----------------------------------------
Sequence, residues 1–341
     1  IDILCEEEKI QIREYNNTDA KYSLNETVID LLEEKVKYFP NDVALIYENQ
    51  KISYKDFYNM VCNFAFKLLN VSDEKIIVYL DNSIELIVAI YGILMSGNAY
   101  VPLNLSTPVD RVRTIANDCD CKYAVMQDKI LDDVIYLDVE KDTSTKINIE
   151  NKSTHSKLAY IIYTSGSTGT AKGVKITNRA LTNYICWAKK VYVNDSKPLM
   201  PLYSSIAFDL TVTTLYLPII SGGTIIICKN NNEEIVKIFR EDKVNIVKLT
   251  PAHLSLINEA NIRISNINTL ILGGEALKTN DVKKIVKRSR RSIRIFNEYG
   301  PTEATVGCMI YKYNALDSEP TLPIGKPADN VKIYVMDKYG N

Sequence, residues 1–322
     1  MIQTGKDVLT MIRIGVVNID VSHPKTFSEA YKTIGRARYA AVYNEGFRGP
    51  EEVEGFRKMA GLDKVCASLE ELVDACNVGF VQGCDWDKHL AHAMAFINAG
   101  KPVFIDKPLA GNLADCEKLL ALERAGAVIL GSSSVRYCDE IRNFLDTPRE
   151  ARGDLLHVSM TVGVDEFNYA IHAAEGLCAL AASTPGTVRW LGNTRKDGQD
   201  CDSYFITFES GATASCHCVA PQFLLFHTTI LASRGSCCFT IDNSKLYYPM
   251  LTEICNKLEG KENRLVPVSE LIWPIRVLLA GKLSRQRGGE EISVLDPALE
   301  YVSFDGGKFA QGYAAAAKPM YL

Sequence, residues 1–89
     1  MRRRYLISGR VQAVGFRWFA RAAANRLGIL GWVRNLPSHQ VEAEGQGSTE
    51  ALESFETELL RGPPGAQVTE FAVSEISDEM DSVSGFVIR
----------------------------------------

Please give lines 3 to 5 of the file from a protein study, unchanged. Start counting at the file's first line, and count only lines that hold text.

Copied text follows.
    51  KISYKDFYNM VCNFAFKLLN VSDEKIIVYL DNSIELIVAI YGILMSGNAY
   101  VPLNLSTPVD RVRTIANDCD CKYAVMQDKI LDDVIYLDVE KDTSTKINIE
   151  NKSTHSKLAY IIYTSGSTGT AKGVKITNRA LTNYICWAKK VYVNDSKPLM